MEXICO CITY (Reuters) - Six out of 10 Mexican prisons are "self-governed" by prison gangs or drug cartels, according to a report issued Monday by the country's human rights commission.
Commission representative Andres Aguirre said at a news conference that Mexico's prisons also are plagued by overcrowding, a shortage of guards and corrupt employees who sometimes help with breakouts.
Aguirre said 60 percent of the country's 430 prisons or jails are controlled by criminal elements.
He added that the escape of 521 inmates over 14 incidents since 2010 - often with the help of corrupt prison officials - constitutes a grave problem for the country.
Earlier this month, more than 130 inmates escaped from a prison near the U.S. border in Piedras Negras, Coahuila, one of numerous mass breakouts tied to organized crime in the past few years.
Initial reports indicated the Piedras Negras inmates escaped through a 23-foot-long underground tunnel, but it was later revealed that they had merely walked out the facility's front door with the help of prison guards.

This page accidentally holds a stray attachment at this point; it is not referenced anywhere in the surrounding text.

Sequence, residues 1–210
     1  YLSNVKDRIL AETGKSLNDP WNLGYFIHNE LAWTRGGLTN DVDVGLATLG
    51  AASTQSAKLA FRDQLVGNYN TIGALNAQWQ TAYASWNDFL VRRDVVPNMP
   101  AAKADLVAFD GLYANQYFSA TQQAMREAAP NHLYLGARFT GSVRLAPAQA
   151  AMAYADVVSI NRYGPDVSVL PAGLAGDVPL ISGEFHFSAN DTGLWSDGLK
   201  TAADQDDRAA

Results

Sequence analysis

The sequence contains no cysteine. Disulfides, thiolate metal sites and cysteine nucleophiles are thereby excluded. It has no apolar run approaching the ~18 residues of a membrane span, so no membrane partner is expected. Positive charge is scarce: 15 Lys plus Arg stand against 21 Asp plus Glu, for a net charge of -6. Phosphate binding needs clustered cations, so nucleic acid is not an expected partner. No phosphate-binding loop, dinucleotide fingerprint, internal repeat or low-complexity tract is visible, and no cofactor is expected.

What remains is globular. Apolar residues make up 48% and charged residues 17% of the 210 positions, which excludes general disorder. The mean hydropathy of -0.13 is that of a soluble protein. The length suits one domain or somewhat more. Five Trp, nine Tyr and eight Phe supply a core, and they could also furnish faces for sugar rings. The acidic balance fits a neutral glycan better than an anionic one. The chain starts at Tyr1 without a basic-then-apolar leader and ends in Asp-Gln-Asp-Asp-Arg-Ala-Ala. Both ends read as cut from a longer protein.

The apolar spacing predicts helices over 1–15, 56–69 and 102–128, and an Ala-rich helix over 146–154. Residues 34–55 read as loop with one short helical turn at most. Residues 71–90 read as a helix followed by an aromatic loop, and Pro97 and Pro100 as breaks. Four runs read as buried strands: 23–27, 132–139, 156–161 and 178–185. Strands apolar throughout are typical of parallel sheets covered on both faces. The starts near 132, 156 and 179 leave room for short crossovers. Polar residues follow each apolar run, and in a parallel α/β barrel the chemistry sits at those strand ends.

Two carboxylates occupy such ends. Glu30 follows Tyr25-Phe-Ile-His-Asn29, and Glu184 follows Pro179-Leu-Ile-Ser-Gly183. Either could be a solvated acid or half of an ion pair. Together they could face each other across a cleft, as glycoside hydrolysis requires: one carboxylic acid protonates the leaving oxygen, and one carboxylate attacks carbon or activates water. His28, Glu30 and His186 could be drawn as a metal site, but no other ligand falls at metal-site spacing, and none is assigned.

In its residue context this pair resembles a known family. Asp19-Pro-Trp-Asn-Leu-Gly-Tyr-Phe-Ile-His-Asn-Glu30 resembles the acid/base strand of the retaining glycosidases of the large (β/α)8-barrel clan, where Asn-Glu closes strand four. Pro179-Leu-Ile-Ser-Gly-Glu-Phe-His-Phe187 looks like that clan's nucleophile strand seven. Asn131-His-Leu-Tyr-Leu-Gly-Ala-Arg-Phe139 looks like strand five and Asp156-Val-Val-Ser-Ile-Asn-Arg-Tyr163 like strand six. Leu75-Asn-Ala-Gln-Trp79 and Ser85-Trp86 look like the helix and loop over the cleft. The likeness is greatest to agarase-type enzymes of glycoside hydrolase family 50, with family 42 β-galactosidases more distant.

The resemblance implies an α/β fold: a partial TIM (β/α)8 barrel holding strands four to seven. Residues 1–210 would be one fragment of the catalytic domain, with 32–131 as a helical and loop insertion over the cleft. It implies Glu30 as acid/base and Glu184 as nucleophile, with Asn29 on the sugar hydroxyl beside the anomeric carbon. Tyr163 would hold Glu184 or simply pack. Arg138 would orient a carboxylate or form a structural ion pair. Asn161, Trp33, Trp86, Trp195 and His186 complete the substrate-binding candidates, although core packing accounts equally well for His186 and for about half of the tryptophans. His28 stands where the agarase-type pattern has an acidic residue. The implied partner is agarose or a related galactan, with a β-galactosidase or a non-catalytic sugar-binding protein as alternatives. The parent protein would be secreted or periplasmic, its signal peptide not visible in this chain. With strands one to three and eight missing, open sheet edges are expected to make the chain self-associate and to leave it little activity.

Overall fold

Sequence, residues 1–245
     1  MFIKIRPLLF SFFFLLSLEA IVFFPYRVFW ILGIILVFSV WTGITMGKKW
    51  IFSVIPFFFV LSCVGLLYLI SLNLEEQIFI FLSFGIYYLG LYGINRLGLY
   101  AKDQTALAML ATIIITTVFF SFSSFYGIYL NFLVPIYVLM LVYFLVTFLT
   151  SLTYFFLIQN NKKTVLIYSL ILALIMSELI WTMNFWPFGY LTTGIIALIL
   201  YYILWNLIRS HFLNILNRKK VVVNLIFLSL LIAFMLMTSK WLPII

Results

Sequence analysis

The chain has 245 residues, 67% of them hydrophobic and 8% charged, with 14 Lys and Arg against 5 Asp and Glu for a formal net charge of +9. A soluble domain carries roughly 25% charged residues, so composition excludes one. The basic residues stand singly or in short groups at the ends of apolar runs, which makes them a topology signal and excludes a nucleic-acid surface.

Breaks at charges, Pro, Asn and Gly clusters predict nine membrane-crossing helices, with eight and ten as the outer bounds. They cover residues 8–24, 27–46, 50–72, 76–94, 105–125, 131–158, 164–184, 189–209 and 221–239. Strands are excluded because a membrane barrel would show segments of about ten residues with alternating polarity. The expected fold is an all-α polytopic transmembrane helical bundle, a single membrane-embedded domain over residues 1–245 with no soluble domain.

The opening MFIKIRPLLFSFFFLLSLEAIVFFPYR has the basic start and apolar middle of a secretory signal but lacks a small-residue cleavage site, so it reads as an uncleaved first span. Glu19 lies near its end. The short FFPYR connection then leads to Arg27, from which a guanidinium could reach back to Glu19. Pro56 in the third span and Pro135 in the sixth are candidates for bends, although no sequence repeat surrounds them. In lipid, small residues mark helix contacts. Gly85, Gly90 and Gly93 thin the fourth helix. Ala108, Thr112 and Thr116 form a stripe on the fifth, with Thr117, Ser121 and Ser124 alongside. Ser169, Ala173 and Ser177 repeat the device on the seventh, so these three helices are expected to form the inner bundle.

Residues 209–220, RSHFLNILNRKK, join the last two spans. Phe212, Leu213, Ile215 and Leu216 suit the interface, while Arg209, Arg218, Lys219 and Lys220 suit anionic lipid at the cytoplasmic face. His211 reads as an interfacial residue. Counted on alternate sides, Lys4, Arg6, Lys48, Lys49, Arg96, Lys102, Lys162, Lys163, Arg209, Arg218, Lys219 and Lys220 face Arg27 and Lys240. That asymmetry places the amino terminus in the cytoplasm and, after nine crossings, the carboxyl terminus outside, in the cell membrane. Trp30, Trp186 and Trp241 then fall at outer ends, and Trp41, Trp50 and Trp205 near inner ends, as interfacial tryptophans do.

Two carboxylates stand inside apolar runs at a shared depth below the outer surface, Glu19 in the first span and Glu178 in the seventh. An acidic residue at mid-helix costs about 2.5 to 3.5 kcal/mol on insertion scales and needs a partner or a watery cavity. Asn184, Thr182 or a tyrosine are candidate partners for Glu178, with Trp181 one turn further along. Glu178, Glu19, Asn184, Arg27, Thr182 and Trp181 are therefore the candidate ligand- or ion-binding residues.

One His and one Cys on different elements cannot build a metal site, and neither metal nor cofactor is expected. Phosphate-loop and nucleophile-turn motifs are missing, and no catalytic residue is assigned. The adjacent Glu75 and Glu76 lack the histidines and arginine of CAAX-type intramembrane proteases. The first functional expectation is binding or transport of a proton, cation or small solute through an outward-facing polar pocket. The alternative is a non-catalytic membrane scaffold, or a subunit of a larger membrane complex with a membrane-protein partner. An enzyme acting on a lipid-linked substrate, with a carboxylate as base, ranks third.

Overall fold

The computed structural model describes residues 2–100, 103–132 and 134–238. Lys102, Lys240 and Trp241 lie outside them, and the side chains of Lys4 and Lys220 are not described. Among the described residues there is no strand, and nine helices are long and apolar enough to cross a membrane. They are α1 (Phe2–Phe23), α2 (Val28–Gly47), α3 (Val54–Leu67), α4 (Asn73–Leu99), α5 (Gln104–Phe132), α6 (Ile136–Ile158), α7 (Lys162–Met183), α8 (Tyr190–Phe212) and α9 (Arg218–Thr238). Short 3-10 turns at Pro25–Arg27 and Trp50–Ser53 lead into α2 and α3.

"A good number of (Mexico's) prisons feature similar conditions to those at Piedras Negras," Aguirre said.
Overcrowding of the country's prisons and jails is another problem facing the national penal system.
As of July, Mexico's overall prison population stood at 48,872 inmates, or 25 percent above the system's official capacity.
Mexico also faces a shortage of prison guards relative to international norms, Aguirre said.
The commission's findings are a reminder of the challenges that await Enrique Pena Nieto, Mexico's incoming president, who has pledged to reduce crime in the country after six years of increased gang-related violence under President Felipe Calderon.
(Reporting by Lizbeth Diaz; Writing by David Alire Garcia; Editing by Bill Trott)
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